So much of the conversation the Empire State involves discussion of courses hailing from either Long Island or Westchester. That's understandable. The two areas are littered with the best depth of private clubs in all of America in my mind. To its credit, Oak Hill in Rochester has steadfastly maintained a presence through the hosting of key national events and in '95 when hosting the Ryder Cup Matches where Team Europe vanquished the American side.
The initial qualities Donald Ross provided should have been sufficient for the club. Yes, it's fine to engage another architect to restore old time elements, but not to the point where the newest hire indelibly places his/her fingerprints on the layout.
After the 1968 US Open in which an unknown -- at that time -- named Lee Trevino tied the 72-hole championship record set a year earlier by Jack Nicklaus at Baltusrol. The club believed certain fundamental changes were needed in order to strengthen the course for future hosting of major championships. Tom Fazio was brought into the picture in the 1970's and the changes created provided a clear split between the core Ross elements and the new ones inserted.
Sad to say, but often when clubs hire an architect there's an attempt -- whether consciously or unconsciously -- for the new architect to feel compelled to alter the landscape.
A great example of this comes with the dynamic short uphill par-4 14th which Ross created. The hole is simple in its presentation but devilish in terms of securing the lowest number. When you get the par-3 15th you encounter a clear example of a hole that provides your basic Fazio inclusion. The holes don't match and the course experience suffers because of it.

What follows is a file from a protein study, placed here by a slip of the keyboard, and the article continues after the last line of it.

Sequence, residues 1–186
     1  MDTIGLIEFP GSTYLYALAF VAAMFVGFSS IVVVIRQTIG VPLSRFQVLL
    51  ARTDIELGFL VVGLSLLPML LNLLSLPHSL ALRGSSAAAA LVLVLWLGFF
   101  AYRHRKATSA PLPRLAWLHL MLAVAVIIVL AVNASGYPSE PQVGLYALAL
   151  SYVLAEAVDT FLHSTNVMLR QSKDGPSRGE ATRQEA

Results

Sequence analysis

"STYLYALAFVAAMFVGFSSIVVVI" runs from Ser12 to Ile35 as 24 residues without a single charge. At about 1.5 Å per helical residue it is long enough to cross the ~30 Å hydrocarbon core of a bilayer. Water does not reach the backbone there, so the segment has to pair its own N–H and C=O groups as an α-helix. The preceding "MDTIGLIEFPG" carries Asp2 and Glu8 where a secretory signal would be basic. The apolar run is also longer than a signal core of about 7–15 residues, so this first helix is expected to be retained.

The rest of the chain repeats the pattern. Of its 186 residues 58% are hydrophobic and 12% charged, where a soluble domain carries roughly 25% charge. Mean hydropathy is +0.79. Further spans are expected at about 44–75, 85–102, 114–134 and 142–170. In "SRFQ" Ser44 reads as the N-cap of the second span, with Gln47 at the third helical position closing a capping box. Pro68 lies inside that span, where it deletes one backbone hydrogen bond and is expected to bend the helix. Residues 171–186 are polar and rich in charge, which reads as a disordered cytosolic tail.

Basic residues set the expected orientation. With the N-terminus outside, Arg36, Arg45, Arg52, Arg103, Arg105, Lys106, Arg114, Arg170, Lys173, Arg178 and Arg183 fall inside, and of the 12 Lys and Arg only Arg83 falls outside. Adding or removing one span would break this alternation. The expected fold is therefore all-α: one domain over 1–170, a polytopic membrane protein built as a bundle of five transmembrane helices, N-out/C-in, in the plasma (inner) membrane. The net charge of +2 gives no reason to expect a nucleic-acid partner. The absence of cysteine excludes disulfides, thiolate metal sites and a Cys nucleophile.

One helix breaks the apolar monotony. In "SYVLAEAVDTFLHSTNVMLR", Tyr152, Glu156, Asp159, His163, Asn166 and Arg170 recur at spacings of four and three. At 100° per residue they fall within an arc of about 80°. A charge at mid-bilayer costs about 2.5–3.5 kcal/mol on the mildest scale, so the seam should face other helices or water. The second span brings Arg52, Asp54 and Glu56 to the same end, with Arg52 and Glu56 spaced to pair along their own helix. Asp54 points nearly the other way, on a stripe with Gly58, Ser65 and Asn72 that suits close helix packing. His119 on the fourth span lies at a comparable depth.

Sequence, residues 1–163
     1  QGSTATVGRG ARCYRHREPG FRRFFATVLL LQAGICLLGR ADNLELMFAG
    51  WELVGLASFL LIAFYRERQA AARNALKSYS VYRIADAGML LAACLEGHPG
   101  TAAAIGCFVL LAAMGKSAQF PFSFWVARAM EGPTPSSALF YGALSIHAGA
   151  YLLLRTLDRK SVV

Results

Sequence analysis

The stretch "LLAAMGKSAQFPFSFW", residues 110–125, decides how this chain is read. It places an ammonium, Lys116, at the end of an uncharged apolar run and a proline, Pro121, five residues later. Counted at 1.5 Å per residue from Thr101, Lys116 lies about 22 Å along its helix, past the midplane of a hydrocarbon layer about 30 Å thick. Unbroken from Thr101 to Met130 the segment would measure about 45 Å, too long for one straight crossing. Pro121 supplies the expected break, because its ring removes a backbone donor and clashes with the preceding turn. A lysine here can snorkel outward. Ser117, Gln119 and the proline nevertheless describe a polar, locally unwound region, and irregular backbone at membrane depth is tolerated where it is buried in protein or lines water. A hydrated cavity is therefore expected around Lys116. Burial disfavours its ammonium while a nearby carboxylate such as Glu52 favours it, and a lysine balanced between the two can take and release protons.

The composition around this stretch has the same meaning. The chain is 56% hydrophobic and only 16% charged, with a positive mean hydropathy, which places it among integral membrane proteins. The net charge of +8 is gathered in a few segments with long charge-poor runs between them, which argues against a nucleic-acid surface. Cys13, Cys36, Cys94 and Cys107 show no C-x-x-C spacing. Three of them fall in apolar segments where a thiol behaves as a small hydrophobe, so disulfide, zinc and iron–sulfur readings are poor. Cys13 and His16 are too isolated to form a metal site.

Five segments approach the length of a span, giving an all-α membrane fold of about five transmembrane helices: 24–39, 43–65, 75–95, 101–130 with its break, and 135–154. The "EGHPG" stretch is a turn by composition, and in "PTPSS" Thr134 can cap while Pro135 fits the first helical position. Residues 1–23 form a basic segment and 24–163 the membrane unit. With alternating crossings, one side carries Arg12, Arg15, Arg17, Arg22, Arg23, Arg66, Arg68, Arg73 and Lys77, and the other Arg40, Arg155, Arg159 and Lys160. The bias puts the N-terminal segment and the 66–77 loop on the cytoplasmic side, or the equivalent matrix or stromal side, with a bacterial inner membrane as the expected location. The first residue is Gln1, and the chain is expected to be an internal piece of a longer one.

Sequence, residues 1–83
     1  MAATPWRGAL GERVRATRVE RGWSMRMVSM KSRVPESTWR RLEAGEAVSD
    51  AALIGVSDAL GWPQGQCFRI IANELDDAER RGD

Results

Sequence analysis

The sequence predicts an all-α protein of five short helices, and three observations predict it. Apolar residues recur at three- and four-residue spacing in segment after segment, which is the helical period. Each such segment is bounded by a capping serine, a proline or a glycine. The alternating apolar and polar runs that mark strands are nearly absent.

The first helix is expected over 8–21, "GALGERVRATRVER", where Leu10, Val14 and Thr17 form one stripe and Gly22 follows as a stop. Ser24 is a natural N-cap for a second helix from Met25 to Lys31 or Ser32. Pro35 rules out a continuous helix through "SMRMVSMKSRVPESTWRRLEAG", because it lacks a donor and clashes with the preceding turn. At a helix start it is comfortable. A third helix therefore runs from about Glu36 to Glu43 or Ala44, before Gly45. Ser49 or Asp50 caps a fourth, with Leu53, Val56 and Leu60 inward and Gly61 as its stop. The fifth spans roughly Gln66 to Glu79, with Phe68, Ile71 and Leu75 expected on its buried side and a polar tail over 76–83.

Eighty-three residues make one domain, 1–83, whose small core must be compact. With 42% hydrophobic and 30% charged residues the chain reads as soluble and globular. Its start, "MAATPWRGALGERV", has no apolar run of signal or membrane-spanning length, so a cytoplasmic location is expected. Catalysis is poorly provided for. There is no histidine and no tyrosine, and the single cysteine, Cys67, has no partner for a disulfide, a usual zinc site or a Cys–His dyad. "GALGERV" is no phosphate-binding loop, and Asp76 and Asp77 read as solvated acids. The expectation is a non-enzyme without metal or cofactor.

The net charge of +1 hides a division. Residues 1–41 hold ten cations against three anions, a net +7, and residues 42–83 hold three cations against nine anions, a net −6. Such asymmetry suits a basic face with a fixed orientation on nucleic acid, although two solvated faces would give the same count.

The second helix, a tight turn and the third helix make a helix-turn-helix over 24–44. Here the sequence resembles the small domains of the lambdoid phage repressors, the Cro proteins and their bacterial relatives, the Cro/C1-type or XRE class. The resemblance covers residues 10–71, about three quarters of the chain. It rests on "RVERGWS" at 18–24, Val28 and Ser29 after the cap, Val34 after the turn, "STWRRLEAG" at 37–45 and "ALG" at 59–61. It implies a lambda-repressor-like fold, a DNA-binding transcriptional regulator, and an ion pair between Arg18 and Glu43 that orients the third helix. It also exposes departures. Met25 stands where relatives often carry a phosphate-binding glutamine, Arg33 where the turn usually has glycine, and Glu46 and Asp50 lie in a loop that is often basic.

Restoration is neither a small task nor fully appreciated by many architects. The original intent should be studied rigorously before as much as the first tablespoon of turf is moved about. Club leaders intent on chasing major events can be seduced by the siren's call and sacrifice so much in the process.
The East is a demanding layout and much of that is tied to the added tee boxes included over the years. Once can see this clearly with the ultra-demanding long par-4's at the 17th and 18th holes.
The club has seen fit to eliminate way too many trees that previously existed but more on this front can happen too.
A winding creek so much a part of a number of holes on the outward half shows the brilliance of Ross. The opening hole is rightly touted by Ben Hogan as one of the strongest openers in American golf.
The PGA Championship will return to the East Course again in '23 -- but in the month of May. The timing will clearly push the facility to be ready so early in the season. Personally, I'd like to see the club restore the Ross features but it's doubtful given the significant investment the club has already spent to get the layout it has now.
The lesson learned is a simple one -- when making changes to a highly acclaimed course be forewarned the "improvements" may actually result in a significant setback than one was actually hoping to happen.
by M. James Ward
Date: May 29, 2018